How Do We Define Success?

Sometimes this is how the day goes.

All organized, ready to teach, ready to travel. My suitcase is packed and my schedule is tight, but it’s going to work. I’m planning to leave for the airport directly after teaching my Zoom class, board a flight to Chicago where I’ll meet my son, daughter-in-law and four-month-old grandson to drive to Milwaukee for the weekend. By dinner, I’ll be pushing my grandson around in his state-of-the-art stroller while my son and daughter-in-law attend wedding festivities for one of their friends. I caught a lucky break too. A foot mishap that had me limping around for a day and a half earlier this week miraculously healed itself after I soaked it in Epsom salts.

But things can change quickly. A tornado knocked out the electricity overnight and the wind has strewn tree branches everywhere. I have plenty of time to head out and pick up a coffee since I can’t prepare it at home. Oops. Road blocked by a fallen tree. I take another route. Oops, that one too is blocked. I head in the opposite direction to the cute little breakfast place where one always has to wait for a table. No problem, I have time.

With electricity and internet still out, I need to figure out a place where I can set up shop to teach my Zoom class. If I teach from the library, I’ll need to rearrange my ride to the airport. I begin to work out the details in my head. Miraculously, my flight is still scheduled to leave on time. I’m in great shape and in great spirits, congratulating myself for my superior organizational skills and my mastery of the unexpected.

So, the library, it turns out, is closed. No power, no lights. No problem. Actually, it’s a bit of a problem. I can feel a prickle on my scalp and a tightening in my chest. I don’t want to let down a client, especially an important client like this one. I’m on the phone with my colleague discussing options and he suggests canceling and rescheduling. I resist at first, but soon enough I relent. I dial up the client to add her to our call and am promptly dropped off the call. Cell phone service has turned spotty.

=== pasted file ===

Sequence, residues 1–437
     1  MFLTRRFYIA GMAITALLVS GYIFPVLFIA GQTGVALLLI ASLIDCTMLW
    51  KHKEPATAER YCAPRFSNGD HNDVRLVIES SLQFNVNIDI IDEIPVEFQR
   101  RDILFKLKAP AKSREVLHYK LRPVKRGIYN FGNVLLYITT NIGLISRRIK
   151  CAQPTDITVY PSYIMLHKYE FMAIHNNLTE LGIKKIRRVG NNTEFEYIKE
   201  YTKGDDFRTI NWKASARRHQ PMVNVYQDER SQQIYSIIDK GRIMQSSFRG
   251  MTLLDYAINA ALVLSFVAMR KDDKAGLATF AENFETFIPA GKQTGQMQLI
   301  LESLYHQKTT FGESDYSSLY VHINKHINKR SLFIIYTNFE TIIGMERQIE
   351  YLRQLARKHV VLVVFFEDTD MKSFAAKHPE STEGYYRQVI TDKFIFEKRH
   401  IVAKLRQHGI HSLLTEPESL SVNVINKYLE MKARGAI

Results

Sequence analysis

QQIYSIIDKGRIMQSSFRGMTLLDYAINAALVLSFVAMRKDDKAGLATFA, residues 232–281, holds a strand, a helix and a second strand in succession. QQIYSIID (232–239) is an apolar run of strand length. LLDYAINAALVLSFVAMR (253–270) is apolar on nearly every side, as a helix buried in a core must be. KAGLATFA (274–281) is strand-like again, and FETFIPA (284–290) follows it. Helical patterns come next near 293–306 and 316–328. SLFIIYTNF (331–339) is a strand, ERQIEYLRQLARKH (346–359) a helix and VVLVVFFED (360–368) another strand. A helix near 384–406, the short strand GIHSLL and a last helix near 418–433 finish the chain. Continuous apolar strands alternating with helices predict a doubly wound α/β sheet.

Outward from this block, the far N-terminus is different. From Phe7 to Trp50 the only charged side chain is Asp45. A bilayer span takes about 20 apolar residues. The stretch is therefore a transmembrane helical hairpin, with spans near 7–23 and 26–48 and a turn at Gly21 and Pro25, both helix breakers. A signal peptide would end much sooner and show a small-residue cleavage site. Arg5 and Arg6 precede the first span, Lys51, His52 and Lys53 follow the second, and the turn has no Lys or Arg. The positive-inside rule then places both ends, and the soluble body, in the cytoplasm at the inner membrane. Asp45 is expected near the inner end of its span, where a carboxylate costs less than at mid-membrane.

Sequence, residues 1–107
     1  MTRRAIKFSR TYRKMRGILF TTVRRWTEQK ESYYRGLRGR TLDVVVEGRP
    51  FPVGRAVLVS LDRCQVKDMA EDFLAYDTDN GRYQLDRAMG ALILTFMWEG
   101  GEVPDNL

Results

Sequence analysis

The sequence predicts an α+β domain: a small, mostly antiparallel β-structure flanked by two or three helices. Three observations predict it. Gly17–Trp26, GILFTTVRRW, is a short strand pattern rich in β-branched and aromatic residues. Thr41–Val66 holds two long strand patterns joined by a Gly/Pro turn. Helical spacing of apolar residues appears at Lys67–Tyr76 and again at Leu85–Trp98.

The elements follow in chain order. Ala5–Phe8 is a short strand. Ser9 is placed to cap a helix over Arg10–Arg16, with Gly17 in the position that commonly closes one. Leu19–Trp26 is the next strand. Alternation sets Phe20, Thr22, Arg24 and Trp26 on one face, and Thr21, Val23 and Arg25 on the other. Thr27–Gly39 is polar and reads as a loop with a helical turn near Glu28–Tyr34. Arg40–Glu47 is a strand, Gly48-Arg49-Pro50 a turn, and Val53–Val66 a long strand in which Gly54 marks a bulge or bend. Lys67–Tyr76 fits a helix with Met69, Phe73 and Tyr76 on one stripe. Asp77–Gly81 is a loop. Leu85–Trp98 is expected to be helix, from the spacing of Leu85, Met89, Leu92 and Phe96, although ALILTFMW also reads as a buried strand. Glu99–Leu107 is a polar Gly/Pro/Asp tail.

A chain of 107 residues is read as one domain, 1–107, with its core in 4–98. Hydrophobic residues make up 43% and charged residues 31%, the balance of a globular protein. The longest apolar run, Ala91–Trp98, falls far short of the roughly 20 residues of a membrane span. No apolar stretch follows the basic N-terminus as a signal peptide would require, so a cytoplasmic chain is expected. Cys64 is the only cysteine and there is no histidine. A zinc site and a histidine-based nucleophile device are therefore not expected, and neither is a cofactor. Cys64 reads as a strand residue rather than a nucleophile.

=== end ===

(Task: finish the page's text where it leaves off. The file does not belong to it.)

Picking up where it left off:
But it works out! I get a text from my colleague who was able to complete the call. The client is dealing with her own lack of internet and electricity and is happy to reschedule. And… my plane is still scheduled to depart on time. All’s well.

Since I’m traveling solo today, I get to leave for the airport at the time I designate as appropriate. Jimmy, my husband and the vigilant, organized and occasionally annoying force of our marriage, needs to leave a full half hour earlier than is comfortable for me. He agrees to drop me at the airport at whatever time I choose!

Once we’re in the car, Jimmy asks, as he does every time we’re on our way to the airport, if I have my driver’s license. Of course, I do. I keep it in my phone case in the place designated for important cards. Just to pacify him, I check.

When it isn’t where it’s supposed to be, the prickle I’d felt earlier becomes an anvil on my heart. My breathing shallows and I observe myself struggling to fill up my lungs. I find myself in panic mode and then the panic turns into a loop of self-recrimination. I’m the careless disorganized one, the one who can’t keep track of important items, the one who once misplaced a diamond necklace entrusted to me by my mother.

The story has a happy ending, albeit humiliating. Jimmy logically thinks through the problem, turns the car around and has me dash into the house to retrieve my passport. He’s confident he can get me back to the airport in time to make my flight. In the meantime, he searches under the car seat (the same seat I had just searched under) and finds my missing driver’s license as well as a credit card. I do make my flight on time and by dinner I am pushing my grandson around Milwaukee in a stroller.

However, if this was a setup to test my mindfulness skills, it’s a test I pretty much failed. I certainly didn’t handle anything with equanimity. I was practically hyperventilating in the car when I couldn’t find my driver’s license. Although, if it were you recounting this story to me, I would tell you that having a mindfulness practice does not remove anxiety or even humiliation from your life, it simply makes you aware of it when it happens and offers a couple of options for how to handle inconvenience, disappointment and the panic induced by not having your driver’s license when you’re on your way to the airport.

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